• There is often upsloping of the T-Q segment (or the T-P baseline) during the phase of ST elevation.
  • Occasional patients may manifest alternans (from one beat-to-the-next) of the elevated ST segment or upsloping T-Q segment.
  • During the resolution stage of ST elevation — T wave inversion may be seen, which can be deep and similar to Wellens' Syndrome ECG changes (ie, presumably reflecting evolution of reperfusion T waves).

  • PVCs including short episodes of NSVT (Non-Sustained Ventricular Tachycardia) — are common during the period of chest pain and ST elevation. Fortunatelysustained VT/VFib are uncommon. Occasional patients may manifest ventricular arrhythmias (ie, AIVR) during the reperfusion stage.

  • NOTE: While ST elevation (and other ECG abnormalities) most often occur in association with chest pain episodes — coronary spasm can be "silent" (without chest pain) in up to 20% of cases. This may account for unexplained sudden death due to ischemia in these patients without any "warning" system.

Looking CLOSER at Serial ECGs in Today's CASE:
Let's now apply the above Consensus Paper description of the KEY ECG features to look for in serial ECGs of a patient with Prinzmetal Angina. 
  • In Figure-4 — I again show the initial ECG ( = ECG #1) — and ECG #3, obtained ~3 hours after resolution of this patient's chest pain. 
  • To this, I have added ECG #4 — done 3 days later. The patient had remained pain-free during this time. MI was ruled out — and the cardiac catheterization showed normal coronary arteries.

Figure-4: Comparison of the initial ECG (obtained during the episode of chest pain) — with the follow-up ECG done 3 hours later — and a final ECG done 3 days later (See text).

Review of Serial ECG Changes in Figure-4:
As we emphasized in discussion of Figure-1 — the initial ECG in today's case (TOP tracing in Figure-4) is remarkable for the tall, peaked T waves in leads V2-thru-V6 (especially marked in leads V2, V3, V4). There is also J-point ST elevation in leads V1-thru-V4 (attaining 2-2.5 mm in amplitude in leads V2 and V3). ST segments are flat but not depressed in each of the inferior leads.
  • These ECG changes were obtained during an episode of chest pain in this patient with Prinzmetal Angina.
  • Additional findings in ECG #1 (consistent with Prinzmetal Angina) include the following: i) A PVC; ii) Loss of S wave amplitude (with near disappearance of the S wave in lead V3); iii) Increased R wave amplitude (seen in the lateral chest leads, in which there is overlap of R wave amplitude into neighboring leads); iv) Upsloping of the T-P baseline (best seen in leads V2, V3, beginning just after the T wave returns to baseline); and, v) Localization of these ST-T wave changes to the chest leads (suggesting regional rather than diffuse coronary spasm).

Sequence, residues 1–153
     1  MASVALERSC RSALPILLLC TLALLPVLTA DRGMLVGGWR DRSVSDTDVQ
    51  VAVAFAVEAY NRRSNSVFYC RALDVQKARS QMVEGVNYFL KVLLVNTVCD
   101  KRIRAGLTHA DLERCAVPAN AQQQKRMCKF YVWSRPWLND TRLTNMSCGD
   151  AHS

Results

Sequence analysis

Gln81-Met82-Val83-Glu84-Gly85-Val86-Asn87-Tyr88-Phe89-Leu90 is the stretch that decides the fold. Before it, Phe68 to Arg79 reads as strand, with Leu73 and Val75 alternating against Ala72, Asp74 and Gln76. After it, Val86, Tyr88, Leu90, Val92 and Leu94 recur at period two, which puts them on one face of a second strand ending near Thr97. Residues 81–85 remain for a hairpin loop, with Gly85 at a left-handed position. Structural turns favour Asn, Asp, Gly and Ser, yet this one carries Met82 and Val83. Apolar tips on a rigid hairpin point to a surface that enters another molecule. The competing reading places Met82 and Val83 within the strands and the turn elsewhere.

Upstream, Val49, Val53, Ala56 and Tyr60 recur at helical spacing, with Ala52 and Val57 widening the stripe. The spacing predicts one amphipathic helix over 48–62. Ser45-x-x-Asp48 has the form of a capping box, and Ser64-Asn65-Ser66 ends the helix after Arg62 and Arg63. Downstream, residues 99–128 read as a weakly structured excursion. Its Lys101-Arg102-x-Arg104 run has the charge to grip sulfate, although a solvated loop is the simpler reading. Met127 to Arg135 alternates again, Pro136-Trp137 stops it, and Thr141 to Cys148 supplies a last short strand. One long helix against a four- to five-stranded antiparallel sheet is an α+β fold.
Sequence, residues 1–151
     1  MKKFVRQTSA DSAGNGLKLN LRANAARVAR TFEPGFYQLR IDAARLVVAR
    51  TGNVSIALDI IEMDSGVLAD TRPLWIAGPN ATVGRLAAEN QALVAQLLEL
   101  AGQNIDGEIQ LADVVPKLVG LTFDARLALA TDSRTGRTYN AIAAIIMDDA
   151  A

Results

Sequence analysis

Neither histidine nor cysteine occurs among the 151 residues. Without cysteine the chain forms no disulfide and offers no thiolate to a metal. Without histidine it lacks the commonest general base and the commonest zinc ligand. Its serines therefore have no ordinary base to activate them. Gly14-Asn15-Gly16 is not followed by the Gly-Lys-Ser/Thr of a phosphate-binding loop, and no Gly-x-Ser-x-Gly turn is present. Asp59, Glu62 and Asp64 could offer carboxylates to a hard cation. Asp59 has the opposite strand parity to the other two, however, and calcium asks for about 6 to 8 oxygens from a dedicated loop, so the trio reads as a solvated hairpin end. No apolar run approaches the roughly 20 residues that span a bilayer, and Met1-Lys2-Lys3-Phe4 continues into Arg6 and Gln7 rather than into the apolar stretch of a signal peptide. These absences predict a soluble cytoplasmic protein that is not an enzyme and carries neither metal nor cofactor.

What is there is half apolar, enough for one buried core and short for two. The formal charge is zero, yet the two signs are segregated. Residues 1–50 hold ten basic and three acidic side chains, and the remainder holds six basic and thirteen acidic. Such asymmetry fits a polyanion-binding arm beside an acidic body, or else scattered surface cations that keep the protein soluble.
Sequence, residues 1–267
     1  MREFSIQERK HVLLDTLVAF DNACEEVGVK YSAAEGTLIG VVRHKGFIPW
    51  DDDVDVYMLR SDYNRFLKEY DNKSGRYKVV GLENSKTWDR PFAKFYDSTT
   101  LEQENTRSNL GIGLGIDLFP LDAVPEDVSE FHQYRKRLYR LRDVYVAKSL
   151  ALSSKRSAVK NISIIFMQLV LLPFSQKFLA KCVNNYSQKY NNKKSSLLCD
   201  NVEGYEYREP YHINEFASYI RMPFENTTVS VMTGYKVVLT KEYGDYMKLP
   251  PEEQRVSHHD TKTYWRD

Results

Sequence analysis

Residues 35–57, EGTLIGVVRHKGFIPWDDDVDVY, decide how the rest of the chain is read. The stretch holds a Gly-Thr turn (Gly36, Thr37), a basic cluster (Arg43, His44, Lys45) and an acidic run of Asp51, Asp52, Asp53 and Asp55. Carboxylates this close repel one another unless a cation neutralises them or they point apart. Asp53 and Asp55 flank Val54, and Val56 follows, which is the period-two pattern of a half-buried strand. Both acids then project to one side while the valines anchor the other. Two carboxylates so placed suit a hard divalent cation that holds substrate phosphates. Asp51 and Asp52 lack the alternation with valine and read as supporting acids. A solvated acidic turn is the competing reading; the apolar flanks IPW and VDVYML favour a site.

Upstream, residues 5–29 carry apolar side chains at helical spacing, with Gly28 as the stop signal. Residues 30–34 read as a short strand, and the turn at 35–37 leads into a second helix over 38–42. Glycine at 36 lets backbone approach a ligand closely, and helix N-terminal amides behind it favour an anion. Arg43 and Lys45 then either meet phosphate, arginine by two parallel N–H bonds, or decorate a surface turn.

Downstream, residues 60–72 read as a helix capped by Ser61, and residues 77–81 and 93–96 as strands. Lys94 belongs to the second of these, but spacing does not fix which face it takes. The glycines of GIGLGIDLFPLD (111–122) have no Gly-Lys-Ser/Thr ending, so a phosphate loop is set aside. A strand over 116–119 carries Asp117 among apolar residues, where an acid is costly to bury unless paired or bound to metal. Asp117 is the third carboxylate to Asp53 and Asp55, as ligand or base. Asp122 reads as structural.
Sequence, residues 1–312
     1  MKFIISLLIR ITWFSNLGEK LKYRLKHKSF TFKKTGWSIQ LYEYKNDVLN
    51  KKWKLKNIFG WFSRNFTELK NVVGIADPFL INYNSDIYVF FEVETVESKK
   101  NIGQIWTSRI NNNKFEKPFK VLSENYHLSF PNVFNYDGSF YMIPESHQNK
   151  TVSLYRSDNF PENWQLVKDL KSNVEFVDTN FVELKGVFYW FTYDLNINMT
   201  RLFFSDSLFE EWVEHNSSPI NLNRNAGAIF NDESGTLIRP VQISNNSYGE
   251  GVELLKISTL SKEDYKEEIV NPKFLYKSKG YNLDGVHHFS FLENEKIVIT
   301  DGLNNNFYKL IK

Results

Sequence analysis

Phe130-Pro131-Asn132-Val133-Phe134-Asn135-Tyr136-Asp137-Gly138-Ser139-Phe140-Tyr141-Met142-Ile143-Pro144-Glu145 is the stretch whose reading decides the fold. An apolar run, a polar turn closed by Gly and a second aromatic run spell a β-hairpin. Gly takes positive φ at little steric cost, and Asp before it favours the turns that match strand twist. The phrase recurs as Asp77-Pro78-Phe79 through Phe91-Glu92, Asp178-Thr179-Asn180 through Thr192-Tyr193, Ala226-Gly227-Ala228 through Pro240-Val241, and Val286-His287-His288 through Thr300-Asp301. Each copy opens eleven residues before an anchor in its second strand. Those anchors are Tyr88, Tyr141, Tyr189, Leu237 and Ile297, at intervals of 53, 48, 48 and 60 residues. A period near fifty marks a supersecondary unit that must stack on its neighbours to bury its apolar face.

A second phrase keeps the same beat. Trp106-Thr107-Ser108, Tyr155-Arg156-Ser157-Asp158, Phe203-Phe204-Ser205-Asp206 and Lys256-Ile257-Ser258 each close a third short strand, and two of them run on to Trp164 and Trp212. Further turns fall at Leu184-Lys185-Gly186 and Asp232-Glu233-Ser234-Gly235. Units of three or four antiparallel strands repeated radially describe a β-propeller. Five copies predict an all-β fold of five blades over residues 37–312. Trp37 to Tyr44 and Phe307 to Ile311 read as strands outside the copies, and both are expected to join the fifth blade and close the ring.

ECG #3 — was obtained 3 hours after ECG #1. The patient's episode of chest pain was short-lived — and he remained pain-free at the time ECG #3 was obtained.
  • Apart from shallow T wave inversion in lead III — limb lead appearance is unchanged from the initial ECG.
  • In contrast — chest lead T waves are all now normal in size. There is no longer any ST elevation. Instead, leads V3-thru-V6 now show 0.5-1.0 mm of ST depression.
  • The S wave in lead V3 has been reestablished. There is no longer upsloping of the T-P baseline. Lateral chest lead R wave amplitude remains increased.

ECG #4 — was obtained 3 days later. The patient remained pain-free throughout this time. He was discharged from the hospital.
  • There has been essentially no change in limb lead appearance.
  • R wave amplitude has decreased dramatically since ECG #3. Significant S waves are now present through to lead V6.
  • There is no longer any ST depression.
  • The upright T waves that were seen in the chest leads of ECG #3 — have now evolved into a biphasic (positive-negative) small-amplitude T wave. Presumably, this is a reperfusion change.

Acknowledgment: My appreciation to Klanseng Ng (from Kluang, Malaysia) for the case and this tracing.

Additional Relevant Material to Today's Case:
  • See ECG Blog #205 — Reviews my Systematic Approach to 12-Lead ECG Interpretation.

  • ECG Blog #183 — Reviews the concept of deWinter T-Waves (with reproduction of the illustrative Figure from the original deWinter NEJM manuscript). 
  • ECG Blog #222 — Reviews the concept of Dynamic ST-T wave changes, in the context of a detailed clinical case. 
  • ECG Blog #260 — Reviews another case that illustrates the concept of "dynamic" ST-T wave changes.

  • ECG Blog #218 — Reviews HOW to define a T wave as being Hyperacute? 
  • ECG Blog #230 — Reviews HOW to compare Serial ECGs (ie, "Are you comparing Apples with Apples or Oranges?"). 

  • ECG Blog #193 — Reviews the concept of why the term “OMI” ( = Occlusion-based MI) should replace the more familiar term STEMI — and — reviews the basics on how to predict the "culpritartery.

  • ECG Blog #194 — Reviews how to tell IF the “culprit” (ie, acutely occluded) artery has reperfused using clinical and ECG data.

  • ECG Blog #115 — Shows an example of how drastically the ECG may change in as little as 8 minutes.

  • The July 31, 2018 post in Dr. Smith's ECG Blog (Please scroll down to the bottom of the page to see My Comment). This case provides an excellent example of dynamic ST-T wave changes on serial tracings (that I illustrate in My Comment) in a patient with an ongoing acutely evolving infarction.